4:33 PM  
Blogger Brian Nelson said...

Hi Nick! You're spot-on about Harry Langdon. My wife and I love him, and I daresay sound ramped up the weirdness quotient in him! Those Roach shorts, which kill us, prove it! Juse imagine him in Pee-Wee's Playhouse, he'd be right at home!

Although I missed the Askey triple-feature on TCM (@#$% 12-year-old VCR!), I have seen BAND WAGGON and I THANK YOU on DVD. He's a blast, kinda like Woolsey after 10 Red Bulls! His autobiography, BEFORE YOUR VERY EYES, makes a fun read, too.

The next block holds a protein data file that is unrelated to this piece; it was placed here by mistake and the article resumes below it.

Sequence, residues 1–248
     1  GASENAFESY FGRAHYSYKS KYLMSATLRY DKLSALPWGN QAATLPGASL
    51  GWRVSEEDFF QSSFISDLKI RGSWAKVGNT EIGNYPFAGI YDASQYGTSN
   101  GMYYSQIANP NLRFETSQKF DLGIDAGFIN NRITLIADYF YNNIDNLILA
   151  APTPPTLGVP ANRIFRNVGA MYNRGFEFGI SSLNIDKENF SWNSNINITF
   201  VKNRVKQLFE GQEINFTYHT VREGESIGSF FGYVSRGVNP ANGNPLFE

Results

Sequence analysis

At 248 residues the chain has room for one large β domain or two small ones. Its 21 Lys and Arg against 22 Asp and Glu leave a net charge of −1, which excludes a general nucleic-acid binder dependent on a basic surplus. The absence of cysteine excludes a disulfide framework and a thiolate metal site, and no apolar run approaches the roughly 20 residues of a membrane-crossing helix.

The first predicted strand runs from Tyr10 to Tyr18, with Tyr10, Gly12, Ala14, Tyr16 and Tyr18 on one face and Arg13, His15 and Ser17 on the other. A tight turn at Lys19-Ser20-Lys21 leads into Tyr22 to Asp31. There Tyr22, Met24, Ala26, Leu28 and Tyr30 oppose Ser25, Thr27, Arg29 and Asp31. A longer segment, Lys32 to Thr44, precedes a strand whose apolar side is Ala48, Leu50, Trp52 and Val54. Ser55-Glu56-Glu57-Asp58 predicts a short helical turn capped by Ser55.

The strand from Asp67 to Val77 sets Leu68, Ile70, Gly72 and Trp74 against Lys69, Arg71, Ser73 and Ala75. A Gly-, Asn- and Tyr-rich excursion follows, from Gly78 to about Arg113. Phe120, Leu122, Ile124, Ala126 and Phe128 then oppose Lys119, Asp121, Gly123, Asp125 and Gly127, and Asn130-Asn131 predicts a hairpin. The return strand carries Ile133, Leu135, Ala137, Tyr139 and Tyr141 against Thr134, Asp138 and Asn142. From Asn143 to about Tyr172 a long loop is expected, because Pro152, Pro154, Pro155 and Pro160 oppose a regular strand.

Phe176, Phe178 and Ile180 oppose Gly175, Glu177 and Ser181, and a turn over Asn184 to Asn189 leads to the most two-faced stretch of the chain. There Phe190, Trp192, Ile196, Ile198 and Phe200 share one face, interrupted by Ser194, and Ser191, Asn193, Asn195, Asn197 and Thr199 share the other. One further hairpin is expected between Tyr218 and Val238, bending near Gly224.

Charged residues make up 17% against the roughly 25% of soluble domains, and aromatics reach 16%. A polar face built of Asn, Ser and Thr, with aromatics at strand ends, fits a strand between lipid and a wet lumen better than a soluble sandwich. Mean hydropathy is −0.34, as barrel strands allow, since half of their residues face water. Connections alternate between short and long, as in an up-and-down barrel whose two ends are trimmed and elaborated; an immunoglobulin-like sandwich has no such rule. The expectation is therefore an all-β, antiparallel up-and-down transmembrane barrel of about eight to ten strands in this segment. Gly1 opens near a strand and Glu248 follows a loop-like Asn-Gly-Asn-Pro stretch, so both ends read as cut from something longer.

AYTHANGHEW!

8:18 PM  
Anonymous Anonymous said...

I was surprised to find Askey movies on TCM!Are they showing any other British variety comedian's films? MGM must have been thrown them as part of a package(you can have the Hitchcocks if you also take........)

3:31 PM  
Anonymous Brian Paige said...

You know, as someone who first saw W & W movies on old school AMC in the early 90s I have to admit reading that Bob Dorian thinks they suck saddens me. I wonder if Dorian even realizes that AMC basically started the revival of interest in W & W by showing their movies as filler programming?

9:13 PM